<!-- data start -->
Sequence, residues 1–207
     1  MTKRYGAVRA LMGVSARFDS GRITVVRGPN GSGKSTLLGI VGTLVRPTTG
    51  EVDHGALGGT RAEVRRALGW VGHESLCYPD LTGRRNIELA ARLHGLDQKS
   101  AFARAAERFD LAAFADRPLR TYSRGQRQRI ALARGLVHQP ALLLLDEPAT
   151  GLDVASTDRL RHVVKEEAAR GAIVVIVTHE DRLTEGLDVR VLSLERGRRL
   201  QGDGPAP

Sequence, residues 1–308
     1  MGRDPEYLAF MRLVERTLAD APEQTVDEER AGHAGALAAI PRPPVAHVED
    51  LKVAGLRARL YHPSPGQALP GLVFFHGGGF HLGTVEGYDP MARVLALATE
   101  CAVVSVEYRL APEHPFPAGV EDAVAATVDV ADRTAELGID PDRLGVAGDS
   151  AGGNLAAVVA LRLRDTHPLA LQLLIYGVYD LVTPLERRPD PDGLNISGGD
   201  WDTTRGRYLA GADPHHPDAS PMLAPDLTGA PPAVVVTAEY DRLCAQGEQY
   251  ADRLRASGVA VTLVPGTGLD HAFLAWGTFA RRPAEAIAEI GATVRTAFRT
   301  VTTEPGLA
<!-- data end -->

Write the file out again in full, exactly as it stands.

Sequence, residues 1–207
     1  MTKRYGAVRA LMGVSARFDS GRITVVRGPN GSGKSTLLGI VGTLVRPTTG
    51  EVDHGALGGT RAEVRRALGW VGHESLCYPD LTGRRNIELA ARLHGLDQKS
   101  AFARAAERFD LAAFADRPLR TYSRGQRQRI ALARGLVHQP ALLLLDEPAT
   151  GLDVASTDRL RHVVKEEAAR GAIVVIVTHE DRLTEGLDVR VLSLERGRRL
   201  QGDGPAP

Sequence, residues 1–308
     1  MGRDPEYLAF MRLVERTLAD APEQTVDEER AGHAGALAAI PRPPVAHVED
    51  LKVAGLRARL YHPSPGQALP GLVFFHGGGF HLGTVEGYDP MARVLALATE
   101  CAVVSVEYRL APEHPFPAGV EDAVAATVDV ADRTAELGID PDRLGVAGDS
   151  AGGNLAAVVA LRLRDTHPLA LQLLIYGVYD LVTPLERRPD PDGLNISGGD
   201  WDTTRGRYLA GADPHHPDAS PMLAPDLTGA PPAVVVTAEY DRLCAQGEQY
   251  ADRLRASGVA VTLVPGTGLD HAFLAWGTFA RRPAEAIAEI GATVRTAFRT
   301  VTTEPGLA